Veterans Day is a tough holiday to celebrate for those of us who haven't served. What do you do with a day off that you personally did nothing to earn? Is buying a round of drinks over cards at the VFW Hall acceptable? Can you get away with sleeping in late and whiling away the afternoon in an epic game of Medal of Honor while listening to Slayer?
As genius as those suggestions are, there is one more way you could spend your Veterans Day without involving liquor, cards or ferocious heavy metal: The Missouri History Museum (Lindell Boulevard and DeBaliviere Avenue; 314-746-4599) presents the free edu-tainment program "Let Freedom Swing" at 1 p.m. on Thursday, November 11. This fashion show and concert explores the effects of war-time rationing on average citizens, so you can learn about Tom Brokaw's "Greatest Generation" in an effort to better understand what actually made them so great (our own generation is currently rated at "middling to so-so," owing mostly to our preoccupation with liquor, cards and Slayer).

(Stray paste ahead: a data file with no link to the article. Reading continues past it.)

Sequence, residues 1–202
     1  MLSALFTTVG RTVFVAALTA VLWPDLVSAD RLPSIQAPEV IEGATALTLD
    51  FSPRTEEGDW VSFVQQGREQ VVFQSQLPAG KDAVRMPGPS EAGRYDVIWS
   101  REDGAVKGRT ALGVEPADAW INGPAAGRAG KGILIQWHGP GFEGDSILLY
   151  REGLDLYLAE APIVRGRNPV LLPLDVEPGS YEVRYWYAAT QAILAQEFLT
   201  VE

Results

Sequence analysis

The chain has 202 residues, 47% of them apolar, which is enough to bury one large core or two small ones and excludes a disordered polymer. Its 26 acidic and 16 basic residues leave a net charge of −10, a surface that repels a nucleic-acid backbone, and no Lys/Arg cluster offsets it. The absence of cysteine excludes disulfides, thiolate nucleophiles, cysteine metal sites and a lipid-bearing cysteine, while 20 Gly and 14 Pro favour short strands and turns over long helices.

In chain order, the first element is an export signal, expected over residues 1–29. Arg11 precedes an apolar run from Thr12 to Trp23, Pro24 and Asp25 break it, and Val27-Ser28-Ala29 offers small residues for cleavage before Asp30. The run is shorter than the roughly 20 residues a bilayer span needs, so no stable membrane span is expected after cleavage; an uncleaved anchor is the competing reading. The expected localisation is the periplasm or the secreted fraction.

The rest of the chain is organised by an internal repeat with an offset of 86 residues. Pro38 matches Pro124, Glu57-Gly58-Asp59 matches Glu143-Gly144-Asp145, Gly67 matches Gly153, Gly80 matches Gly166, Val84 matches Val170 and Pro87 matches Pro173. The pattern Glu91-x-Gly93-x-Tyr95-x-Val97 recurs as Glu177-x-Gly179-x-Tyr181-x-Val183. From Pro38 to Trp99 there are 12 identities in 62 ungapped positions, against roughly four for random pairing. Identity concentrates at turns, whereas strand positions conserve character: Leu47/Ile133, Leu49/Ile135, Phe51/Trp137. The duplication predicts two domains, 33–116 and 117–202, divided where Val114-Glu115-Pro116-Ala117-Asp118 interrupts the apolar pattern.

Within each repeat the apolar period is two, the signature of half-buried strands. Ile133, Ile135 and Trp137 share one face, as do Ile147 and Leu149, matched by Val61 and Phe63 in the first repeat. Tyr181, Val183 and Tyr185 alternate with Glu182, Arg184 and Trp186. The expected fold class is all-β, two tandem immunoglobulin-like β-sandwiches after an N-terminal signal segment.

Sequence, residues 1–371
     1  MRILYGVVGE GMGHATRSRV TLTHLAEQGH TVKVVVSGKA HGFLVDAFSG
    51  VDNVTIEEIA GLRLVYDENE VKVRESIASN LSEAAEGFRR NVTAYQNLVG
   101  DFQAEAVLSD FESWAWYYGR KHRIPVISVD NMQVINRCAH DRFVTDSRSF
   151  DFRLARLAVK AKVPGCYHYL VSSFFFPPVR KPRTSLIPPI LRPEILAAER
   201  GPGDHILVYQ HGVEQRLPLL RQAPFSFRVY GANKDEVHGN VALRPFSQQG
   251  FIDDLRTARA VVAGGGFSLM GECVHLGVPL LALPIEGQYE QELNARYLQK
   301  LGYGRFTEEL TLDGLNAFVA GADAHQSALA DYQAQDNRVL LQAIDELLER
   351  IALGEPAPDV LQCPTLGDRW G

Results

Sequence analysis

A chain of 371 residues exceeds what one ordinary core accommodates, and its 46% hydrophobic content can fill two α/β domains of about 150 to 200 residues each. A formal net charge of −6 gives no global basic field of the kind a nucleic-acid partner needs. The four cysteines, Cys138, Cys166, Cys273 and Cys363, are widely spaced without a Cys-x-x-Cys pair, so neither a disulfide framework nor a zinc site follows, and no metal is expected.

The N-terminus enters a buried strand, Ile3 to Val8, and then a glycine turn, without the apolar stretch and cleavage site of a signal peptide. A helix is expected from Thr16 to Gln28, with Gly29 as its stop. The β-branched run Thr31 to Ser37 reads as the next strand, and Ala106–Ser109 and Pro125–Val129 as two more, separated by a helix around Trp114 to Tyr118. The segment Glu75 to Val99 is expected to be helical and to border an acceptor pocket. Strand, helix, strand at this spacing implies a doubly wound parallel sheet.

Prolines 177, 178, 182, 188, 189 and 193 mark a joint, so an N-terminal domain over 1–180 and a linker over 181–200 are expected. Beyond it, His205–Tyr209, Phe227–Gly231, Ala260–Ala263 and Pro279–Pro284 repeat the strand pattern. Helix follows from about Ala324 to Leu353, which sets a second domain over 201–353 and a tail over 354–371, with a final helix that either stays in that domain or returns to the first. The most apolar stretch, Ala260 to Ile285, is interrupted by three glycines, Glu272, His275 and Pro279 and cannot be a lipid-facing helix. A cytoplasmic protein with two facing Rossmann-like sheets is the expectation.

Through the jumpin' and jivin' big-band and swing music of the Blue Knights and the retro fashions of Catwalk: A Fashion Entertainment Group, the cold facts of rationing come to life. The War Production Department limited the amount of fabric that could be used to manufacture garments, so American fashion changed virtually overnight. Straight lines, short skirts and short jackets became the norm for women who were now reporting to work, and evening wear transformed from the overwrought gowns of the '30s (visualize any frumpy woman in a Three Stooges short for reference) to the clingy, simple sheaths that still get pulses racing today.
So whether you remember the '40s like it was yesterday or just harbor a (not-so) secret love for swing dancing and short skirts, you're bound to find something about the Greatest Generation to love. Besides, if you don't honor the past you're doomed to repeat it, and we just don't have the legs for those skirts.